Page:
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Re: Best backup strategy on short disk capacity

Kern Sibbald
Hello,

You are sort of in an impossible situation.  With the large amount of
data you have and the small backup space, it will be hard to make Bacula
work as it should.

My very strong conviction is that any single backup job that last more
than 10 hours is too long.  If it takes 7 days to backup one machine,
Bacula will not work very well.

At a minimum you should split your Windows backup into four separate
jobs each one backing up a single drive.  Then after completing a full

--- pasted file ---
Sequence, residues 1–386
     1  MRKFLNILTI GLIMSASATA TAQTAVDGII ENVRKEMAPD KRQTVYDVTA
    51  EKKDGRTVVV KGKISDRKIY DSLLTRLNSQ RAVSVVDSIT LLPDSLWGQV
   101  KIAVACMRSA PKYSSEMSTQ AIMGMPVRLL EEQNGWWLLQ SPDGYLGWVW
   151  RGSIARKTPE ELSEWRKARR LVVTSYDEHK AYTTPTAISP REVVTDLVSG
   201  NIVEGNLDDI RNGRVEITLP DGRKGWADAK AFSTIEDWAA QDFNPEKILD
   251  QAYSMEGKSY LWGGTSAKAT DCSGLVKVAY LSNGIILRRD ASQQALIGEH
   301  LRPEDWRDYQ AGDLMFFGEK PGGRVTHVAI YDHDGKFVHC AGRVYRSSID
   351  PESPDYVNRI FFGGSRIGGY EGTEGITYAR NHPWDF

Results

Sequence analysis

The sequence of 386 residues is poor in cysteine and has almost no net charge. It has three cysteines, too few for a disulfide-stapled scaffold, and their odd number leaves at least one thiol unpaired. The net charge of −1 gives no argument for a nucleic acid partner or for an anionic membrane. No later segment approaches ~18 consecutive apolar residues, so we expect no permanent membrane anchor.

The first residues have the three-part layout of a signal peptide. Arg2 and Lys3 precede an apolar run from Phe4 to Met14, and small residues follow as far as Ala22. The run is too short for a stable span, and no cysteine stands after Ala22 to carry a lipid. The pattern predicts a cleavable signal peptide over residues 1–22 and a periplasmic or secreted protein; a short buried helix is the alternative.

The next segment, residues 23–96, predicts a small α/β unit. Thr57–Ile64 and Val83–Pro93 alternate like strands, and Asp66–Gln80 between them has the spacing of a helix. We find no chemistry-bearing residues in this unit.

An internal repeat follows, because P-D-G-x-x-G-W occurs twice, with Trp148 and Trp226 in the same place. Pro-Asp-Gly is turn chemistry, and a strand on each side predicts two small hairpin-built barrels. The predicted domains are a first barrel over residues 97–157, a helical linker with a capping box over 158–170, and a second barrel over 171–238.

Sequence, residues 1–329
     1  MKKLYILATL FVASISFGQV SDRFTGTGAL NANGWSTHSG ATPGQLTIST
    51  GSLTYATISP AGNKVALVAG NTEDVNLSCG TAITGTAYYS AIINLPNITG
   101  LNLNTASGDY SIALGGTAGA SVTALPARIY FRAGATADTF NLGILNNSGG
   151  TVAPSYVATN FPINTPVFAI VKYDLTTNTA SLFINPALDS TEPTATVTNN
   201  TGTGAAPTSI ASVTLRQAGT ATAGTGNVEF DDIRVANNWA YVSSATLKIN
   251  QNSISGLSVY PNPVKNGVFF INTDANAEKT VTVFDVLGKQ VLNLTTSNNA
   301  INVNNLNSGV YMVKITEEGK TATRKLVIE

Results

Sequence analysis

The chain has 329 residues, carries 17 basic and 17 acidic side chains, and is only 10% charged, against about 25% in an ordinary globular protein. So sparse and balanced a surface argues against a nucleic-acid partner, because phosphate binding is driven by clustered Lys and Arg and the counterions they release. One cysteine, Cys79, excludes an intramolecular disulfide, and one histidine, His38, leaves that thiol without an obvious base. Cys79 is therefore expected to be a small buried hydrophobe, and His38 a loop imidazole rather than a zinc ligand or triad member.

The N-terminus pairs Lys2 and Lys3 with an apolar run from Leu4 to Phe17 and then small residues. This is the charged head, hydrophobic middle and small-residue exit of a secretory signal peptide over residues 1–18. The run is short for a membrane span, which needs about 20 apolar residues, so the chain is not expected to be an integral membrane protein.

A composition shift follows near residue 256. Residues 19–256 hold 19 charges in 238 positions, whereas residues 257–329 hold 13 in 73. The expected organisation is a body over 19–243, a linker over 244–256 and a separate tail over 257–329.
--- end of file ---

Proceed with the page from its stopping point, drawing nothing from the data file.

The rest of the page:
backup of each drive, you can stagger backups to do a full of the
machine over 4 days (one for each drive).  That will reduce the overall
backup load.  However, if a backup of a single drive takes 2 days, in my
opinion, it will still be too long.

Another, though slightly more complicated way to handle it is to
separate the Fulls as noted above, but when the next Full for a drive
comes do, do a VirtualFull instead of a full.  All the other backups for
that drive can then be  Incrementals.  At least one of the Incrementals
should be with Accurate = yes.  Then as a security measure do another
real Full (per drive) once a year.

About how to handle retention periods: that is too complicated for me to
explain here.  The simplest solution is to get much more disk for use by
Bacula, or you can get a professional support to get help for retention
periods, or ask for help on the list. Reading the "Automated Disk